Our nurses encouraged us to “perambulate” up and down the corridors of the maternity floor as soon as we got our legs back. During the day, new mothers shuffled by my room, back and forth, pushing rolling bassinets with their newborns inside.
One of my favorite mothers on the ward pushed the bassinet with one hand and held a steaming mug of coffee with the other. When I finally caught up with her, I told her the coffee smelled fantastic. “You better believe it was the first thing I asked for after this guy was born. I earned this.” She beamed down at the little fellow in his bassinet. He was wonderfully big and fat and favored his mother around his eyes.
“So where’s your baby?” she asked. It was an innocent question. I was pushing an empty wheelchair instead of a bassinet in order to keep my balance.
I hesitated before answering her. “Third floor, in the NICU. She was a little early.”
I knew she hadn’t meant any offense by asking, but still, she was incredibly embarrassed, and that pretty much ended the conversation with an “I’m so sorry” and “but she’s doing okay?” and “we’ll be praying for you.”
I mean, what do you say, right? Despite the fact that prematurity occurs in one out of every 10 live births, the experience of prematurity can feel entirely unscripted. It is a total departure from the usual what-to-expect narrative. And many times, it can feel surreal, because however you imagined your first experiences of motherhood, you probably didn’t imagine what it would be like to not hold your baby before you were discharged from the hospital.
It was 10 days before we were allowed to hold our little girl. Born at 29 gestational weeks, she weighed two pounds, four ounces. Birth drama aside, the moment prematurity became real to us was when my husband and I tried to compose a group text announcing her birth. At the time, we had no idea if her lungs were fully developed or if the medical team would find a brain hemorrhage. “Welcome, Susie Sunshine!” just seemed grossly inappropriate, but coming across as less than enthusiastic about the birth of our daughter just seemed kind of sad.
Early on, our nurses warned us to take one day at a time. I remember thinking their advice was a well-meant cliché, but “taking one day at a time” was exactly how our family navigated the unfamiliar terrain of bili-lit nurseries and honking alarms. A good growing day could easily be followed by a bad brady day (referring to bradycardia); a MRSA (methicillin resistant staph aureus) diagnosis one day could turn out to be a false-positive the next. So instead of focusing on “when are we going home?” we threw ourselves into the day-to-day care of our daughter. I can honestly say, I never thought I’d look forward to changing her diapers, but I did, and the first time I did, it nearly broke my heart.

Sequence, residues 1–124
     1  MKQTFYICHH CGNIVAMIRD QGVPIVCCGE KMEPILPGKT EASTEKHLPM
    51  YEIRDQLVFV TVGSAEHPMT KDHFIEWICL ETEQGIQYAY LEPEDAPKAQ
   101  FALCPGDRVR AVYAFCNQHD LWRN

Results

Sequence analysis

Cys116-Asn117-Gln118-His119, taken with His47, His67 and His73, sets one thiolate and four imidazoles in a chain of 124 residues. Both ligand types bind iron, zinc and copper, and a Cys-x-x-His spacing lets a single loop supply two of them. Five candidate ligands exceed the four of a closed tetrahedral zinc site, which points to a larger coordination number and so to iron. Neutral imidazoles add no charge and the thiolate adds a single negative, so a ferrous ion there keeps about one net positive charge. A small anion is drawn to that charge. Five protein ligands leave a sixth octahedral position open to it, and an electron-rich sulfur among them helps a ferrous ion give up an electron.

After about two weeks, we became accustomed to the nursery. We celebrated the big moments as they came, whether it was graduating to a nasal cannula or wearing big-girl clothes for the first time. And through it all, our daughter was a rock-star, with a special rock-star scream for the visiting ophthalmologist.
The hospital staff was kind and supportive, and I enjoyed listening to their stories about their experiences in the NICU. I learned two different swaddling techniques, two different nursing techniques, and received a lot of great advice on how to manage the symptoms of acid reflux. My husband and I learned infant CPR. We kept so busy, we were nearly caught off guard when it was finally time to go home.
Two and half years later, Daphne is a highly verbal little girl and ruled by curiosity. It hasn’t always been easy, but I can honestly say that every day with her has been an adventure. She always finds new ways to surprise us. This past summer, she climbed up the backside of a mountain feature at an indoor playground. This was not her first summit to scale, nor will it be her last. She stood on top of the mountain and yelled, “I’m tall! I’m strong!” and I felt my heart leap: Yes, baby girl, you certainly are.
Sir Isaac Newton is one of the most famous preemies in history. Incidentally, he is also one of the most important scientific luminaries of all time.
In 1903, incubators were introduced to the United States as an exhibit on the Coney Island boardwalk with actual preemies from local hospitals inside. Although incubators were widely used in Europe, American hospitals were reluctant to adopt the new technology because it wasn’t deemed cost-effective.
The youngest son of President Kennedy was three weeks premature. Patrick Bouvier Kennedy succumbed to respiratory distress syndrome (RSV) three days later. His death in 1963 put a spotlight on prematurity and is thought to have inspired the modern field of neonatology.
An infant is considered “premature” if he or she is delivered before 37 gestational weeks.
The earlier an infant is born, the greater the challenges they and their families will face, from speech and developmental delays to chronic health conditions ranging from asthma to cerebral palsy.
In 2014, the national birthrate of premature births was 9.6%. In Texas, the rate was slightly higher at 10.3%.
There is no single cause of prematurity. Risk factors include (but are not limited to) teenage pregnancy; lack of proper, affordable prenatal care; smoking; and alcohol consumption during pregnancy. Sometimes it’s caused by an underlying health condition; sometimes it’s just plain old bad luck.
When preemies leave the hospital, they have an “actual age” and an “adjusted age.” Their actual age begins on their birthday. Their adjusted age is usually calculated with their original due date in mind. This adjusted age helps doctors and therapists better gauge their developmental progress.